Leadership Keys for Success

It’s usual for leaders not to realize that Leadership is like a performance with few opportunities for mistakes.  You are under the spotlight 24/7, and your credibility is built or lost in moments, whether your emotional intelligence is engaged or not.

A leader’s team is often comprised of critics who are demanding and have high expectations for you.  They give you the benefit of the doubt initially and expect that:
You spent time thinking about the situation at hand.
You know exactly what you want.
There is a clear purpose in all of your communications and actions.
You know what can be done or not done to add value.
You have all the answers.

What you say, your behavior, and your non-verbals all contribute to whether your team are satisfied with you as a leader. Of course we know that many of these assumptions are false, but if these expectations are not met, then judgments are quickly made looking for validation and revalidation.  Specifically:
You don’t know what you are doing.
You don’t have the answers.
You don’t think anyone has any value.
You are not clear about where you, the team, or the organization is going.
You are not a leader who is credible and respected.
Your daily leadership walks a tight rope daily.   A fall can cost you dearly, so wouldn’t you benefit from practicing and learning the moves better? Sure you would.

Leadership is a Dance:
The leadership dance has special steps, yet often organizations, business schools or graduate school don’t teach the steps.  Just like the other processes in your organization, the sales process, manufacturing process, quality assurance process, there is a process to leadership.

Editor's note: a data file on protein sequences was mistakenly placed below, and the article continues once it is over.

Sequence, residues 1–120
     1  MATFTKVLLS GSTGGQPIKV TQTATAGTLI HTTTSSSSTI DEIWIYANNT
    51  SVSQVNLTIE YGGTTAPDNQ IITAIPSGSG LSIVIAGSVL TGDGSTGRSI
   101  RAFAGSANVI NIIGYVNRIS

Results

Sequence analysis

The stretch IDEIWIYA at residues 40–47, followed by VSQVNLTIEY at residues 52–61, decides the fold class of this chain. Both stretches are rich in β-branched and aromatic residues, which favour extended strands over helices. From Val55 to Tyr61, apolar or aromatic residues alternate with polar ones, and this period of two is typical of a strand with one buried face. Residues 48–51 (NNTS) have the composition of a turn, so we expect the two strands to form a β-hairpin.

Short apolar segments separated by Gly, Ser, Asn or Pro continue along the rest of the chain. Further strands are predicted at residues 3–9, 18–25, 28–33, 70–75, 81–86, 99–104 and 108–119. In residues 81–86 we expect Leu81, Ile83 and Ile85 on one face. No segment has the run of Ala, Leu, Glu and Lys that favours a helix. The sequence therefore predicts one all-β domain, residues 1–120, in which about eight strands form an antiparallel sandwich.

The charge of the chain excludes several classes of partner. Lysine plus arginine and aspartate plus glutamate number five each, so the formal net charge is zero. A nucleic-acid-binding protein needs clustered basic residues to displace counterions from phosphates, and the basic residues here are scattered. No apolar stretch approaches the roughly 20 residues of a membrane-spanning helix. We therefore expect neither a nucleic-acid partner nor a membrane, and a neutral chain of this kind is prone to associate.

To understand and define the most critical components of effective leadership, The Blanchard Companies launched a study in 2006.  More than 1,400 leaders, managers, and executives shared their views on critical skills and common mistakes connected to leadership.  Three top things stood out that leaders admitted they fail to do:
1. 82% agreed they fail to provide appropriate feedback (praise, redirection)
2. 81% said they fail to listen to or involve others in the process
3. 76% admitted failure to use a leadership style appropriate to the person’s task, and situation (over-supervising or under-supervising)

Leaders tend to mimic what one of their bosses have done with them, sometimes successfully and sometimes not.  Sometimes, they simply wing it.
The leadership process has it’s own beat and rhythm.  The quality of leadership suffers as does the team if you don’t follow the process, and ultimately, the organization suffers, too. Do check more about leadership training, management development programme and other skills which can help you reach the top level of any organization.

In learning any new skill, like golf, tennis or dance, you first learn the right steps and then practice them over and over. Delegation, giving feedback, coaching, managing up and across, decision making and getting buy-in all have specific steps that leaders can learn.

One of the first questions I ask in my work as an Executive Coach and Corporate trainer is how often they delegate in a day. Most say about 5 to 7 times a day. Next I ask l how often they provide feedback to their employees.  The answer is usually 4 to 5 times a day. These are two critical skills that leaders and managers do daily, yet most don’t have any established system or process. So what are the dance steps on the floor to follow?

I developed a step-by-step, proven process for these daily critical skills.  My free Leadership Keys iPhone App contains videos and an associated PDF that answers the following questions:
How do you decide when to step in and out with direction for your employees?
How do you hold accountabilities?
What is the best way to give feedback?
How can you be very clear in your delegation?
How do you coach, empower, and when do you give advise?
What is best practice for making decisions and getting buy-in?
How can you manage up and across?

There is a process and clear steps to answer the above questions. When you, as a leader, practice, practice, practice, these steps become second nature, fluid and focused.

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